In Part 1, I explored how Bayesian updating operates when there are two discrete possibilities. I now investigate how Bayesian updating operates with one continuous parameter.
This example is from Chapter 2 of ‘Statistical Rethinking’ by Richard McElreath. The premise can be paraphrased as follows:
Suppose you have a globe representing the Earth. It is small enough to hold. You are curious how much of the globe is covered in water. You will toss the globe in the air. When you catch it, you will record whether your right index finger is on land or water. Repeat and record your results.
The data story we use assumes that each toss is independent of the last and that our prior is a uniform distribution, according to the principle of indifference. In other words, all fractions of water, p, are considered equally likely. In reality, a globe that represents our earth must have some water and some land, based on our experience, so p can’t exactly equal 1 or 0. But for now, let us assume uniformity:
The chart here represents probability density, as opposed to the previous case which showed probability mass. Still, the total probability, represented as the area under the blue line, sums to one.
We make our first observation and it is water or W. This allows us to calculate a posterior distribution, but how?
Bayesian updating uses the following:
Posterior = Likelihood * Prior / Average Likelihood
In this case, the Posterior, Likelihood and Prior represent continuously varying quantities rather than discrete categories as in Part 1. I’ll touch on Average Likelihood later.
The Prior here is the uniform distribution, valued at 1. The Likelihood is the likelihood of observing W under any value of p. This is in fact the definition of p, so Likelihood is just p. If the observation were L for land, Likelihood would be (1-p), since there are only two possibilities.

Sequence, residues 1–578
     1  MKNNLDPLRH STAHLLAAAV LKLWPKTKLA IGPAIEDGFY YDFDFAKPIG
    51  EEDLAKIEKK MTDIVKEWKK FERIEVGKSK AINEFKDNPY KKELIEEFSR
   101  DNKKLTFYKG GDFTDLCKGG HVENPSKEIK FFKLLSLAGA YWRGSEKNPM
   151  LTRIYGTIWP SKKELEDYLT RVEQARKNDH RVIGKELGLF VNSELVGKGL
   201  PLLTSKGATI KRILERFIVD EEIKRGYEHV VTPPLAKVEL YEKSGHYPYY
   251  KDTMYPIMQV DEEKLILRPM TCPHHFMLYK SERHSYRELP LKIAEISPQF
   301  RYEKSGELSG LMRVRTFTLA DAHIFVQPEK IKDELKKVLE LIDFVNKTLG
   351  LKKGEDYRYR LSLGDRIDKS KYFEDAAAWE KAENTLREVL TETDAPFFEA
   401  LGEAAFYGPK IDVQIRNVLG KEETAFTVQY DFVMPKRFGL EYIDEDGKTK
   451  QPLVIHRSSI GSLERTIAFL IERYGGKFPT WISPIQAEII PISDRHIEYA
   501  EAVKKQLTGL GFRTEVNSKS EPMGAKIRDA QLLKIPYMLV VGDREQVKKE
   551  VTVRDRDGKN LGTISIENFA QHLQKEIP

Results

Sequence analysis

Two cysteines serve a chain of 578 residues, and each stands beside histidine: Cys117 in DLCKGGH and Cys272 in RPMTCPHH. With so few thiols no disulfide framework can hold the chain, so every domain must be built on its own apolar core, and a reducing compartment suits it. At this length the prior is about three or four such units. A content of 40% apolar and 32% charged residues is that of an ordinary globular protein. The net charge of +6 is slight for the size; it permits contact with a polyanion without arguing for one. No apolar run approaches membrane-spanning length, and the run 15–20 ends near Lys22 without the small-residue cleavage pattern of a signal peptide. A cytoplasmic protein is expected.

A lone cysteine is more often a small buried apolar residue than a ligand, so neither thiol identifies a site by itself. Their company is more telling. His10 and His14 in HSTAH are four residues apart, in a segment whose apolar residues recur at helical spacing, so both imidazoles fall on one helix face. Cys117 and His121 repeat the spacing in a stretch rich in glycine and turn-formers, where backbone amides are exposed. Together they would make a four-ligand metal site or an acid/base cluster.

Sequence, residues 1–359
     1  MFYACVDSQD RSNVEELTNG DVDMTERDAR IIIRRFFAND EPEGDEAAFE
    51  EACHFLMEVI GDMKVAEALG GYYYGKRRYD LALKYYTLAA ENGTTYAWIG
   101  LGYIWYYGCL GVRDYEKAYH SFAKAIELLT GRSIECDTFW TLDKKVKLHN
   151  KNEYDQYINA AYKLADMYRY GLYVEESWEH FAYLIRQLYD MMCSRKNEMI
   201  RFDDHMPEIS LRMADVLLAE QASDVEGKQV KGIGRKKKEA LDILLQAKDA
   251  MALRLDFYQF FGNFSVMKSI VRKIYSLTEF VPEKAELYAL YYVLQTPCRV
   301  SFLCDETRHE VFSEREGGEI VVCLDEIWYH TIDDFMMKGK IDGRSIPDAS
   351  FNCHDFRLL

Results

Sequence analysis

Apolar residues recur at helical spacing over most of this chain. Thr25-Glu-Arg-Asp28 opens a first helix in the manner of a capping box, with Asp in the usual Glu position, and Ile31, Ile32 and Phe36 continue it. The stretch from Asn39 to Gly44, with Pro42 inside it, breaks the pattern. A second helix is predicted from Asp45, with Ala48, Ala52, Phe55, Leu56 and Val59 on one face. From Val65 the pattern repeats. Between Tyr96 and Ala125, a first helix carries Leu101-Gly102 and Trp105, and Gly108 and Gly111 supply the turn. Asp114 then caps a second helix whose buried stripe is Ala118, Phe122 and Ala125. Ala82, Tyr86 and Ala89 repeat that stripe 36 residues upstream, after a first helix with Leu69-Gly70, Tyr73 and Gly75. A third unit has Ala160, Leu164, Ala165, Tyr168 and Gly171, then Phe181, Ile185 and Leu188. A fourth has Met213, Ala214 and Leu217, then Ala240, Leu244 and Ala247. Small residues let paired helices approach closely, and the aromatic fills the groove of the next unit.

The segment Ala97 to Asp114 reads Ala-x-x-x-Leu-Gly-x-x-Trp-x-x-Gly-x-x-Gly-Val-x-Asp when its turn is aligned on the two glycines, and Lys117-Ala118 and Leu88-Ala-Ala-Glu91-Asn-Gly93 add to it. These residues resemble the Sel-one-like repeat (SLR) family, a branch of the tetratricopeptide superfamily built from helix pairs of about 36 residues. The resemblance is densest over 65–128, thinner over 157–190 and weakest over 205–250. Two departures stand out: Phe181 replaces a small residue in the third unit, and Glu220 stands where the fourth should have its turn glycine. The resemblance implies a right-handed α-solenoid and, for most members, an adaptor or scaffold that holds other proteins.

Average likelihood is a single value which is used to rescale the posterior so that probabilities sum to one. It is the integral of the Likelihood*Prior over all possible values of p. In this case, it would be:
Integral(from p=0, to p=1)[p * 1]dp = 0.5
Thus, our posterior distribution after observing W is:
Posterior = p * 1 / 0.5 = 2p
This looks like the following:
Notice that the probability density exceeds 1. This is allowed, since it is the integral, not the value of the curve that must equal 1.
We’re not done yet! Let’s say that we spin the globe again but this time observe land, L. What do we do? With Bayesian updating, the posterior becomes the prior for continued observations.
Now, Prior is 2p, Likelihood is (1-p) and Average Likelihood is:
Integral(from p=0, to p=1)[(1-p) * 2p]dp = 0.33
Thus, our updated Posterior after observing W L is:
Posterior = (1-p) * 2p / 0.33 = 6p*(1-p)
This analysis can continue until, say, 9 observations are made:
W L W W W L W L W
In all, 6 W’s and 3 L’s are observed. Following previous trends, each W will add a factor of p and each L will add a factor of (1-p). The normalization factor can be calculated through integral and is 840.
Posterior = 840 * p^6 * (1-p)^3
The distribution has gotten much pointier and is looking very similar to Gaussian.
In principle, this method scales up to multiple parameters and much more complicated models. In practice, however, analytical solutions like we have here quickly become impractical, and numerical methods are used.
Grid approximation is one such method where each parameter is represented as a sufficient number (100-200 is usually enough) points rather than strictly continuous. However, with multiple parameters, the total size of the grid-space scales exponentially, so other solutions become important.